Commission faces cuts, queries

Critics call agency too industry-friendly over product safety

September 02, 2007|By New York Times News Service

WASHINGTON -- In March 2005, the Consumer Product Safety Commission called together the nation's top safety experts to confront an alarming statistic: 44,000 children riding all-terrain vehicles were injured the previous year, nearly 150 of them fatally.

National associations of pediatricians, consumer advocates and emergency room doctors were urging the commission to ban sales of adult-size ATVs for use by children under 16. But John Gibson Mullan, the agency's director of compliance and a former lawyer for the ATV industry, said the current system of voluntary safety standards was working, according to a recording.

Months of research by Robin L. Ingle, then the agency's hazard statistician and ATV injury expert, did not support Mullan's analysis. Yet she would not get to offer a rebuttal.

"He was distorting the numbers in order to benefit industry and defeat the petition," Ingle said.

Under the Bush administration, industry-friendly officials have been installed at federal agencies that oversee the nation's workplaces, food suppliers, environment and consumer goods.

Top officials at the Consumer Product Safety Commission say they have enhanced protections for the American public. But they have also blocked enforcement actions, weakened industry oversight rules and promoted voluntary compliance over safety mandates, according to interviews and a review of commission documents.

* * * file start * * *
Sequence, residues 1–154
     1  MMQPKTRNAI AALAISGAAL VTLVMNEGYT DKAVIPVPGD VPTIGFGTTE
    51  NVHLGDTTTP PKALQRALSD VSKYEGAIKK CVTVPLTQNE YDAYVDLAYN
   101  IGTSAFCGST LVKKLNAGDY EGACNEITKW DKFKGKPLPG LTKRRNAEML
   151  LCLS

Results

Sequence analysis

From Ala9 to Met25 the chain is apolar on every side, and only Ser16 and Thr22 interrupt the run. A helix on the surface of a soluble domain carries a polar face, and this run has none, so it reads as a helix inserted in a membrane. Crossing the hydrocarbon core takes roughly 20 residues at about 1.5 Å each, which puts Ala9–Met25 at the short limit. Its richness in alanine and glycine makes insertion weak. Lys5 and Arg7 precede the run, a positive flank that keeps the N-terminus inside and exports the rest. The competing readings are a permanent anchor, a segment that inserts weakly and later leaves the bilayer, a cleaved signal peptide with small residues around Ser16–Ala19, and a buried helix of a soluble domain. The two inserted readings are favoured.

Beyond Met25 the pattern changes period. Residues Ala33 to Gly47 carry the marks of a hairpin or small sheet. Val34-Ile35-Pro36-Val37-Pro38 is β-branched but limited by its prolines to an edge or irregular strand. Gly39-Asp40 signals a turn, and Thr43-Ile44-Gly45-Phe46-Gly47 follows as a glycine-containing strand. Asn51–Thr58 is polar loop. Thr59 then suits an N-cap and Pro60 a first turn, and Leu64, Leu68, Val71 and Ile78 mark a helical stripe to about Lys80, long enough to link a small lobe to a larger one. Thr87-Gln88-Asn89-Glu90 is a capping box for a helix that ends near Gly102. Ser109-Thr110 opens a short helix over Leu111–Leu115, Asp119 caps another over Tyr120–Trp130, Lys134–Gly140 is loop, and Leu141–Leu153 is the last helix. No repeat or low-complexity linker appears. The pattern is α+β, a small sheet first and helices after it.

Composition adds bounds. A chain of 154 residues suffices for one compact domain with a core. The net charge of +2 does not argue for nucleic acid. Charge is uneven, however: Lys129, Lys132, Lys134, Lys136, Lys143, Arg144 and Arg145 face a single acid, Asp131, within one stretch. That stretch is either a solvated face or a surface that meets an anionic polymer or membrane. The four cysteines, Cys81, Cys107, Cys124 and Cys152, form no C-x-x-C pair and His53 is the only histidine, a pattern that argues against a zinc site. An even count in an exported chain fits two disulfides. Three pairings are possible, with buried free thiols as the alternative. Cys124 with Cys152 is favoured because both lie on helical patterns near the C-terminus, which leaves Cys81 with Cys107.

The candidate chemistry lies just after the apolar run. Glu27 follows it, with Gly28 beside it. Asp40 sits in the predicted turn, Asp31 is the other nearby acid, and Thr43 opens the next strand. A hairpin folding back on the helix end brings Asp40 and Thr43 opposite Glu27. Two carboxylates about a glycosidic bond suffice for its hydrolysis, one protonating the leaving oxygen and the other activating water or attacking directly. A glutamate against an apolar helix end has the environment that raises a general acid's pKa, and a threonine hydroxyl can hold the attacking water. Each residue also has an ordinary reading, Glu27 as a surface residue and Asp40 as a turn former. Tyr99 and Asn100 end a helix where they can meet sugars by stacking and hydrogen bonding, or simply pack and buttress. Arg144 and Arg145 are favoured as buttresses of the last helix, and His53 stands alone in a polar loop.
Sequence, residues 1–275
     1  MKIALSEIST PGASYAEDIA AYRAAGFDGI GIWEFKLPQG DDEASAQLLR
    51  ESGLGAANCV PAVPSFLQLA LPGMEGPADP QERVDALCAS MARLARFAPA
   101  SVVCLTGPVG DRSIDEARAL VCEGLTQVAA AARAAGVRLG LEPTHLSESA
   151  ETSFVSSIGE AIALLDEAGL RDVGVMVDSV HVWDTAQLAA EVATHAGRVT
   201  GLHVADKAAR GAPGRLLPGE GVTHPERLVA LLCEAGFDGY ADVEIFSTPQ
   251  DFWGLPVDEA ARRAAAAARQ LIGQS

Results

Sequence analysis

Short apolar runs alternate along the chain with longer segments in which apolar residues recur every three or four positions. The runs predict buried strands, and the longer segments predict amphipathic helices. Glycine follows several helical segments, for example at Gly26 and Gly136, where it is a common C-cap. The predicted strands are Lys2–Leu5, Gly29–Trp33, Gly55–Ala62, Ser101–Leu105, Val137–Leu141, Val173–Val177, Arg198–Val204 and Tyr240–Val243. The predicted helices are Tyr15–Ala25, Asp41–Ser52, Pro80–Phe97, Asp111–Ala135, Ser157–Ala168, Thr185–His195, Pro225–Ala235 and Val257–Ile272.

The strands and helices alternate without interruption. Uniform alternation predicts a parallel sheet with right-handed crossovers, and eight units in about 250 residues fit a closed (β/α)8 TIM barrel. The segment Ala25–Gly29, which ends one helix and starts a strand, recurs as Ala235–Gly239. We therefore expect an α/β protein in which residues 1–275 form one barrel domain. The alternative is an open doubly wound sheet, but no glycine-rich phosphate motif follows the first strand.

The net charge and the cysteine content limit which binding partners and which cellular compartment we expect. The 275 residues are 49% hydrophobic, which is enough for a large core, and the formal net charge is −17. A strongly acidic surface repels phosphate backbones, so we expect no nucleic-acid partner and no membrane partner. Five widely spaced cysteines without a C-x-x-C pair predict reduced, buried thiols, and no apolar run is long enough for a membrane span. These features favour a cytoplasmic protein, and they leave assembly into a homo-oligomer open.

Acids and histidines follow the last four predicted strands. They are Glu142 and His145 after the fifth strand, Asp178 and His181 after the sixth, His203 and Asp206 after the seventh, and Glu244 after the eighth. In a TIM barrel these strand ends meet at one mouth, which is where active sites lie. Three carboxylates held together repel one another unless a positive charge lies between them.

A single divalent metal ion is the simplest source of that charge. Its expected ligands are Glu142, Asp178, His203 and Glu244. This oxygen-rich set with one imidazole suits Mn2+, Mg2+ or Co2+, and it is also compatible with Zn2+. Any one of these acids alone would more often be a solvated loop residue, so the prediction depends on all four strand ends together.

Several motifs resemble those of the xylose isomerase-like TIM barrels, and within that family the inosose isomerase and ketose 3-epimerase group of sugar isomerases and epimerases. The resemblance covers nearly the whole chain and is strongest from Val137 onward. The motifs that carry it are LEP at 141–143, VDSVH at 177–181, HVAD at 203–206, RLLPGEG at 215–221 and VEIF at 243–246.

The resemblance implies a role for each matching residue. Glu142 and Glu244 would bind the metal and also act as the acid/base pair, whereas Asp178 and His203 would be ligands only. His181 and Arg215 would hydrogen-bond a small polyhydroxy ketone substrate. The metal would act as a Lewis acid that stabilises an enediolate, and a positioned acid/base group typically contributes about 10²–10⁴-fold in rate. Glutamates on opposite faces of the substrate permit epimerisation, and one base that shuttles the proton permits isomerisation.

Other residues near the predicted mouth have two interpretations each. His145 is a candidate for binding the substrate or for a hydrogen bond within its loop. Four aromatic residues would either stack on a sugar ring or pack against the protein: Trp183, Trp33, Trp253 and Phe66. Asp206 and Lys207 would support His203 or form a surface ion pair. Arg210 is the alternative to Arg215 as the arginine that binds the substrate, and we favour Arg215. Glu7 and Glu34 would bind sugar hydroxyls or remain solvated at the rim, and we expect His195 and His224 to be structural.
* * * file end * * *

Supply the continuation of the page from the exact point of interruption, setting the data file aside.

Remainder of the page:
The already tiny agency -- now just 420 workers -- has been pared almost to the bone. At the agency's cramped laboratory, a lone employee is charged with testing suspected defective toys from across the nation. Others workers quit in frustration.

Agency officials defend their record. "The commission is currently doing more to protect consumers than it has at any prior time in its history," said Nancy A. Nord, the acting chairwoman. "Even more could be done with greater resources."

Nord acknowledges that the agency has had to limit its focus; it investigates about 10 percent to 15 percent of the reported injuries or deaths linked to consumer goods, for example. But she also lists a record number of recalls -- 471 products -- last year.

Consumer advocates say the increased recalls and hazard reports make a different case: that too many flawed products are in the marketplace because the agency is not doing its job.

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